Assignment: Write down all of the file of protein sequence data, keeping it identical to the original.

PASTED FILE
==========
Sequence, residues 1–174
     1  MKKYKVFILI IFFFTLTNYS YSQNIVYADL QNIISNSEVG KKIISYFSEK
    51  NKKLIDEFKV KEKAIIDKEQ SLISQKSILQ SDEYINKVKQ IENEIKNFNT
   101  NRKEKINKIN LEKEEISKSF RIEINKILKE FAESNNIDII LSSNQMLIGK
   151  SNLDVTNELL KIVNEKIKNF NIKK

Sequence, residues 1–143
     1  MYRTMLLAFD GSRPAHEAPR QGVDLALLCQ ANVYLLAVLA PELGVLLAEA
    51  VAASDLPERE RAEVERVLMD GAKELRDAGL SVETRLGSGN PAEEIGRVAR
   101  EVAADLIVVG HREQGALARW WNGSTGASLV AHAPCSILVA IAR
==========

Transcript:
Sequence, residues 1–174
     1  MKKYKVFILI IFFFTLTNYS YSQNIVYADL QNIISNSEVG KKIISYFSEK
    51  NKKLIDEFKV KEKAIIDKEQ SLISQKSILQ SDEYINKVKQ IENEIKNFNT
   101  NRKEKINKIN LEKEEISKSF RIEINKILKE FAESNNIDII LSSNQMLIGK
   151  SNLDVTNELL KIVNEKIKNF NIKK

Sequence, residues 1–143
     1  MYRTMLLAFD GSRPAHEAPR QGVDLALLCQ ANVYLLAVLA PELGVLLAEA
    51  VAASDLPERE RAEVERVLMD GAKELRDAGL SVETRLGSGN PAEEIGRVAR
   101  EVAADLIVVG HREQGALARW WNGSTGASLV AHAPCSILVA IAR